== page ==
Mineral of the Month: Iodine

An average mature horse at rest or performing light exercise requires 3.5 milligrams of iodine per day. This increases in late gestation, lactating broodmares, and horses in heavy work.
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Horses in heavy work, along with mares in late gestation and lactating broodmares, require more idoine than the average horse at rest. | Photo: iStock

The trace mineral iodine is regarded by some as one of the most critical dietary trace minerals. This is due to the important role that it plays in the thyroid metabolism and in the synthesis of the thyroid hormones triiodothyronine and thyroxine. These hormones fulfill multiple functions ranging from cell regulation to tissue differentiation and growth. When the body’s iodine status declines to the point that the levels of these hormones become insufficient, the thyroid gland becomes enlarged. This phenomenon is commonly referred to as goiter.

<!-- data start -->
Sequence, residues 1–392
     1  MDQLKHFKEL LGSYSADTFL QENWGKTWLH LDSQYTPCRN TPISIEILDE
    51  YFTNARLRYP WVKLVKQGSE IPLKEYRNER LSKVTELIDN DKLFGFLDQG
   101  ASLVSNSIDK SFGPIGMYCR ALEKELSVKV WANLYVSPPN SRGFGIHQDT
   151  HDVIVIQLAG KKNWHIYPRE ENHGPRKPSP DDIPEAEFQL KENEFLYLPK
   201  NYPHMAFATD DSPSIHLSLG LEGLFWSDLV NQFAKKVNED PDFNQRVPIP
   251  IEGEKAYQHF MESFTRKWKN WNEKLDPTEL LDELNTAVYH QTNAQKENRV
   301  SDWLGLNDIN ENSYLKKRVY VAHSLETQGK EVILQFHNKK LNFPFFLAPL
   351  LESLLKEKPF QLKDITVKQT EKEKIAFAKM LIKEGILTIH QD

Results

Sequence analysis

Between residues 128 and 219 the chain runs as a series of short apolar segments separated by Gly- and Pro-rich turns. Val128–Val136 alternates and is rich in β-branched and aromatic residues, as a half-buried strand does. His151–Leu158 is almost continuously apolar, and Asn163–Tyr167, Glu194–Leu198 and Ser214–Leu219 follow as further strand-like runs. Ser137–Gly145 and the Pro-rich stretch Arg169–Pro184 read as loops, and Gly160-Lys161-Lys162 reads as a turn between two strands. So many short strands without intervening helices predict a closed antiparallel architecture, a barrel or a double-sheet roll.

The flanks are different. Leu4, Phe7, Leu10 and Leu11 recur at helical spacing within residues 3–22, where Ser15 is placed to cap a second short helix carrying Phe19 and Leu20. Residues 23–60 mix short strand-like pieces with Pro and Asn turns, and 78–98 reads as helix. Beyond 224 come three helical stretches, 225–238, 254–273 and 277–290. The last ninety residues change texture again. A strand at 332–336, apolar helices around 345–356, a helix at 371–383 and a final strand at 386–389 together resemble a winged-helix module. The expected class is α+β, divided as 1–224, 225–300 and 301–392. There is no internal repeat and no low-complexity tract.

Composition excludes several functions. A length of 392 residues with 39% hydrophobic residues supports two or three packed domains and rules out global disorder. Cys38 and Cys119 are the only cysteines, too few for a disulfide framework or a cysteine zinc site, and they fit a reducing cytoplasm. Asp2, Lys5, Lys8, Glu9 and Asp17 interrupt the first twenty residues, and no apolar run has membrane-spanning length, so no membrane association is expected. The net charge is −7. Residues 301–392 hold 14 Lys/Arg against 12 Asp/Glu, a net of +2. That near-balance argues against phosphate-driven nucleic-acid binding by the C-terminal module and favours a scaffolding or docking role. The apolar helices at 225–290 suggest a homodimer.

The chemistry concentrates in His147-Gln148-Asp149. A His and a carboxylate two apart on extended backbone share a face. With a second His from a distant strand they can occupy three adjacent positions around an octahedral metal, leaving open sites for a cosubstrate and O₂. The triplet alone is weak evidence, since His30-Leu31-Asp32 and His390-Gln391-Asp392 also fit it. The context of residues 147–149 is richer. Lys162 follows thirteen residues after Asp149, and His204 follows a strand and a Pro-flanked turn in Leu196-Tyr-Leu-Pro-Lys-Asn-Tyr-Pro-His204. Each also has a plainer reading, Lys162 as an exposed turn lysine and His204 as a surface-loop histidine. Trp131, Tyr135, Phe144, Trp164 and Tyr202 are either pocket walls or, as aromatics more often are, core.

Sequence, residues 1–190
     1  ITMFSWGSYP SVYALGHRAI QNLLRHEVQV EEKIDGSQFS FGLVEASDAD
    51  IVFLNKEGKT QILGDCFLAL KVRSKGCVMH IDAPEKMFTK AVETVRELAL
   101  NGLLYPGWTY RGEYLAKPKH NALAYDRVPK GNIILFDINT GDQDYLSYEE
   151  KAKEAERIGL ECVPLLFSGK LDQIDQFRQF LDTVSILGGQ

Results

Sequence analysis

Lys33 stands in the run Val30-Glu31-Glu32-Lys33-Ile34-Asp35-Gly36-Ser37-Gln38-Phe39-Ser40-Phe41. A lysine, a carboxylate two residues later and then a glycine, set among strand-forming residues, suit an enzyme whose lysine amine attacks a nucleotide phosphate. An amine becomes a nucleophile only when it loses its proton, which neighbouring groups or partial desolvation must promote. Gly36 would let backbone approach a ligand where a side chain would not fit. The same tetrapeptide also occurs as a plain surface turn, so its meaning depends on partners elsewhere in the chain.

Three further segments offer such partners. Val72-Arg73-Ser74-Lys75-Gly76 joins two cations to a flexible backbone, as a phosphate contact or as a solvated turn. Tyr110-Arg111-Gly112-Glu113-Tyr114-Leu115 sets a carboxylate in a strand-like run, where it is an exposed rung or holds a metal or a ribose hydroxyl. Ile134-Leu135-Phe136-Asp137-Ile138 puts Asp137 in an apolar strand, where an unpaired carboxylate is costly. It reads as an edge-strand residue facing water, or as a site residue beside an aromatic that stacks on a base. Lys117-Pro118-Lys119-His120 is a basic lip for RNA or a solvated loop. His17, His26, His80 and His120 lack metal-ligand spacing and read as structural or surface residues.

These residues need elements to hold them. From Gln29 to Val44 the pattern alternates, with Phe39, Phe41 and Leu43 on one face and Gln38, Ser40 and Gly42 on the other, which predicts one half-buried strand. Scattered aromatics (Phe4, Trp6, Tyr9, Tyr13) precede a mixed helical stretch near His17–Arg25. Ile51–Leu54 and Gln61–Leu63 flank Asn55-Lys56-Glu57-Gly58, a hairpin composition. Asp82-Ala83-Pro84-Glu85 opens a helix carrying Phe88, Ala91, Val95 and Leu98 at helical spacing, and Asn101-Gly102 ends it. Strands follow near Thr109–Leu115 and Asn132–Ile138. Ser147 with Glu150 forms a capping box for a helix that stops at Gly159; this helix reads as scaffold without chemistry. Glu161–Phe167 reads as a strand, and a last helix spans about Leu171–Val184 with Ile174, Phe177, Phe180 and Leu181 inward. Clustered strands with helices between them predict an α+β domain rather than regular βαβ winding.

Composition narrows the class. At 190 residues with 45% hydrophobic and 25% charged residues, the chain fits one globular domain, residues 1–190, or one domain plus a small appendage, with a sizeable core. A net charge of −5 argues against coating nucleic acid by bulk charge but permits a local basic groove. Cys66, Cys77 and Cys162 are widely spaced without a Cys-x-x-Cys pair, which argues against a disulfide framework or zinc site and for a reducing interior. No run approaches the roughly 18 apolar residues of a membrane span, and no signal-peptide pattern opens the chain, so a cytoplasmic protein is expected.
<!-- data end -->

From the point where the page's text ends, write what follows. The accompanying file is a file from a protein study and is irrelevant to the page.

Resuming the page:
Some of the earliest references to goiter comes from the ancient civilizations of China, India, Greece, and Rome. In particular, a book of Chinese origin dating back to 2000 BC, referenced the use of seaweed against goiter. Iodine was discovered in 1811 and, following the detection of iodine in seaweed, a Swiss physician made the connection and started treating patients suffering from goiter with iodine solutions around 1820.

Globally, almost all countries have been affected by iodine deficiency disorders at some point in time. In part this relates to the fact that soil iodine concentrations tend to be low in general; this is often reflected in plant iodine concentrations. Therefore, iodine deficiencies tend to be more prevalent than toxicity in unsupplemented grazing animals

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